Method: We used podocyte-specific Dyn double-knockout mice to examine AngII-stimulated AT1R internalization and signaling in primary podocytes and controls. We also examined the in vivo effect of AngII in these double-knockout mice through renin-angiotensin system blockers and through deletion of Agtr1a (which encodes the predominant AT1R isoform expressed in kidney, AT1aR). We tested calcium influx, Rac1 activation, and lamellipodial extension in control and primary podocytes of Dnm double-knockout mice treated with AngII.

Results: We confirmed augmented AngII-stimulated AT1R signaling in primary Dnm double-knockout podocytes resulting from arrest of clathrin-coated pit turnover. Genetic ablation of podocyte Agtr1a in Dnm double-knockout mice demonstrated improved albuminuria and kidney function compared with the double-knockout mice. Isolation of podocytes from Dnm double-knockout mice revealed abnormal membrane dynamics, with increased Rac1 activation and lamellipodial extension, which was attenuated in Dnm double-knockout podocytes lacking AT1aR.

Conclusions: Our results indicate that inhibiting aberrant podocyte-associated AT1aR signaling pathways has a protective effect in maintaining the integrity of the glomerular filtration barrier.

Copyright © 2019 by the American Society of Nephrology.


endocytosis; podocyte; proteinuria

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Patient-customized oligonucleotide therapy for a rare genetic disease.

Genome sequencing is often pivotal in the diagnosis of rare diseases, but many of these conditions lack specific treatments. We describe how molecular diagnosis of a rare, fatal neurodegenerative condition led to the rational design, testing, and manufacture of milasen, a splice-modulating antisense oligonucleotide drug tailored to a particular patient. Proof-of-concept experiments in cell lines from the patient served as the basis for launching an "N-of-1" study of milasen within 1 year after first contact with the patient. There were no serious adverse events, and treatment was associated with objective reduction in seizures (determined by electroencephalography and parental reporting). This study offers a possible template for the rapid development of patient-customized treatments. (Funded by Mila's Miracle Foundation and others.).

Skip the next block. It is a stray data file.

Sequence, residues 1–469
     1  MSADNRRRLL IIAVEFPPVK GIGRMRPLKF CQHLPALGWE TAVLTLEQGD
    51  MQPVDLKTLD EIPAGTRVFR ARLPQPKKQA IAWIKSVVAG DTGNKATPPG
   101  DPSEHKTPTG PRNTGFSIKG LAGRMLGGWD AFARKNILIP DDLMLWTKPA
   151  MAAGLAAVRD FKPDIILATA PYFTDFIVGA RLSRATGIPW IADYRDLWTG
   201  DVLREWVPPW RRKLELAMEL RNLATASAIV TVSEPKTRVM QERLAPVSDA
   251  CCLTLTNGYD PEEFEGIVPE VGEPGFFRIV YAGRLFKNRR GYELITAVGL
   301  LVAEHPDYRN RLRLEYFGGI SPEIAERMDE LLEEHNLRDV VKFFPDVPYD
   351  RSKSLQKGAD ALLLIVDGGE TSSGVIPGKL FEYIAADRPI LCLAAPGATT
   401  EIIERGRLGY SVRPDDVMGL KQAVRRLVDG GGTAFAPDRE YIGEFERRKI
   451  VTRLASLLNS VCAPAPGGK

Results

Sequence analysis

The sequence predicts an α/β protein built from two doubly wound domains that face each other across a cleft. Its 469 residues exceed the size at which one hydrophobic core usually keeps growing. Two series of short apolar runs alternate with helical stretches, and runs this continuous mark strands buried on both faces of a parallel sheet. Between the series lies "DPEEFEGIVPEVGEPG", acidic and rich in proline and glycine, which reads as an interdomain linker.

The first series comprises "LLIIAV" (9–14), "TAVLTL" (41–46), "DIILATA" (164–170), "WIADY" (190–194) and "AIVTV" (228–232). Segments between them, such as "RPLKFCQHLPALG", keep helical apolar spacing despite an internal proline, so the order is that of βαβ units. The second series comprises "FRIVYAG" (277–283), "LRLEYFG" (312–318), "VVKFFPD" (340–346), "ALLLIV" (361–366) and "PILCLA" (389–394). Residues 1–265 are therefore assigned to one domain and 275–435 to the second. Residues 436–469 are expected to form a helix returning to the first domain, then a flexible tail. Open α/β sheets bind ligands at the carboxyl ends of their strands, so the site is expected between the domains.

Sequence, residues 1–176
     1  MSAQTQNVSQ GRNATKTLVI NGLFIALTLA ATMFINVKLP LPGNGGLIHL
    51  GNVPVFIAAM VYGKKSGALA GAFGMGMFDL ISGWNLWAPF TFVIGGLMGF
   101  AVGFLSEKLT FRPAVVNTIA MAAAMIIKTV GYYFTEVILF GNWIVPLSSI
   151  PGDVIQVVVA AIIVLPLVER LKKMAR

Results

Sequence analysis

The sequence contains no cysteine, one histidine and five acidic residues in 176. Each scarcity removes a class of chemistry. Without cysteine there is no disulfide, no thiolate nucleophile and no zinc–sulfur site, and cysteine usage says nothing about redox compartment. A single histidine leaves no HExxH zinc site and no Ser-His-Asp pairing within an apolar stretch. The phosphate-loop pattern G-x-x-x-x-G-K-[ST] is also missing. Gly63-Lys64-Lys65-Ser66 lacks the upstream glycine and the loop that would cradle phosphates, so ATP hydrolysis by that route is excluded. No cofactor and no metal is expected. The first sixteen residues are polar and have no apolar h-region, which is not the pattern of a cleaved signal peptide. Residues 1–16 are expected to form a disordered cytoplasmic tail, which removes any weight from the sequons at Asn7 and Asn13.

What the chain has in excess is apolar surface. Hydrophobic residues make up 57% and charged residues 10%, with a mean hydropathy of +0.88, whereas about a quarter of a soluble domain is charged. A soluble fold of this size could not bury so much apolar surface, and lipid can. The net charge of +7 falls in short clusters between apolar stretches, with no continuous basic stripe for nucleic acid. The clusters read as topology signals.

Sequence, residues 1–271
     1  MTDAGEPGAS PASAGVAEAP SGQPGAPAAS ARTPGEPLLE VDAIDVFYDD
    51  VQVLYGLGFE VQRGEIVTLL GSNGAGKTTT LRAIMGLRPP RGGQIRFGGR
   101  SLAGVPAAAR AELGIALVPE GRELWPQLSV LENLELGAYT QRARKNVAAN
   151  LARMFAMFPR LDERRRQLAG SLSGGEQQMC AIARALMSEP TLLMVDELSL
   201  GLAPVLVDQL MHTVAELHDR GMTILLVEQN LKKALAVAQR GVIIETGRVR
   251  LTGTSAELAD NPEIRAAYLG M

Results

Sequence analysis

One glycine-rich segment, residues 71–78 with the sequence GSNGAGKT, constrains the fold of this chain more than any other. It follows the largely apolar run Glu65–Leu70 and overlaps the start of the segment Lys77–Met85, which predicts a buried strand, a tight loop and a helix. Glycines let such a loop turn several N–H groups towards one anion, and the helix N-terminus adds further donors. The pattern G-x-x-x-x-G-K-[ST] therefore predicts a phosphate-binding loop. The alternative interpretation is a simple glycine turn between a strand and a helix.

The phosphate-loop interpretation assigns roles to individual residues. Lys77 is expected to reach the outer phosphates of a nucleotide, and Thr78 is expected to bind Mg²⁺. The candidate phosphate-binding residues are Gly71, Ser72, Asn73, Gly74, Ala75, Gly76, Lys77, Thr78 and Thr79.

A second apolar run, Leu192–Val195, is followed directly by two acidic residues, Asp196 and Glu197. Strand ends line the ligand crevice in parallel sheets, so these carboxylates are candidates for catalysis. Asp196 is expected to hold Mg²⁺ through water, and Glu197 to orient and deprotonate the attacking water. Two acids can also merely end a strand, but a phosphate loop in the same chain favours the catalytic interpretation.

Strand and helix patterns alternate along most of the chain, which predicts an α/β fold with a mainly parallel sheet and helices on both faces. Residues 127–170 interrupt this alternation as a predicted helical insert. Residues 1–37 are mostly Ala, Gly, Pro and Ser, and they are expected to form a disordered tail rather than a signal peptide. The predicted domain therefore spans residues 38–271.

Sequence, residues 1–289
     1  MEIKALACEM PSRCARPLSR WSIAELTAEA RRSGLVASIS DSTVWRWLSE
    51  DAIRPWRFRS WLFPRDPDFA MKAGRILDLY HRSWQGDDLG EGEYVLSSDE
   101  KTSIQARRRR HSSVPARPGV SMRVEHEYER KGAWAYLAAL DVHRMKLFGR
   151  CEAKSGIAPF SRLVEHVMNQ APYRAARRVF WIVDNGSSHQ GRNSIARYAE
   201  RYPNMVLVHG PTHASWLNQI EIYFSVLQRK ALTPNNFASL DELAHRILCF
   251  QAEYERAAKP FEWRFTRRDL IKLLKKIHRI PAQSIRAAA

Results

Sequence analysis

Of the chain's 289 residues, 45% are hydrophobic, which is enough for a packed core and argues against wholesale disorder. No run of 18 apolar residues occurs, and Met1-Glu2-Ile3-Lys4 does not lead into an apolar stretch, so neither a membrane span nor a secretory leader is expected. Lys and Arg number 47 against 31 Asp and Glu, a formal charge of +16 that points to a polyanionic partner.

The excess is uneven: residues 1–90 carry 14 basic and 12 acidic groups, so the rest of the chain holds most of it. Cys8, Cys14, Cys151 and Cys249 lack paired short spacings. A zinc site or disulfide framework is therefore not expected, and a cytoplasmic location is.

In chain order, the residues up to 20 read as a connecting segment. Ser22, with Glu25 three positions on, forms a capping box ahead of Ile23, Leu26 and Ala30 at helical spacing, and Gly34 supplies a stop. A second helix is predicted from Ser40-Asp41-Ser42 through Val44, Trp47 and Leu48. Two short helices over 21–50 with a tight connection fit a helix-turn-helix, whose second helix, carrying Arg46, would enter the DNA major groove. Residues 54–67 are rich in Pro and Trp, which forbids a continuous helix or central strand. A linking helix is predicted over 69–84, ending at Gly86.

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Search-and-replace genome editing without double-strand breaks or donor DNA.

Most genetic variants that contribute to disease1 are challenging to correct efficiently and without excess byproducts2-5. Here we describe prime editing, a versatile and precise genome editing method that directly writes new genetic information into a specified DNA site using a catalytically impaired Cas9 fused to an engineered reverse transcriptase, programmed with a prime editing guide RNA (pegRNA) that both specifies the target site and encodes the desired edit. We performed more than 175 edits in human cells including targeted insertions, deletions, and all 12 types of point mutation without requiring double-strand breaks or donor DNA templates. We applied prime editing in human cells to correct efficiently and with few byproducts the primary genetic causes of sickle cell disease (requiring a transversion in HBB) and Tay-Sachs disease (requiring a deletion in HEXA), to install a protective transversion in PRNP, and to insert various tags and epitopes precisely into target loci. Four human cell lines and primary post-mitotic mouse cortical neurons support prime editing with varying efficiencies. Prime editing offers efficiency and product purity advantages over homology-directed repair, complementary strengths and weaknesses compared to base editing, and much lower off-target editing than Cas9 nuclease at known Cas9 off-target sites. Prime editing substantially expands the scope and capabilities of genome editing, and in principle could correct about 89% of known pathogenic human genetic variants.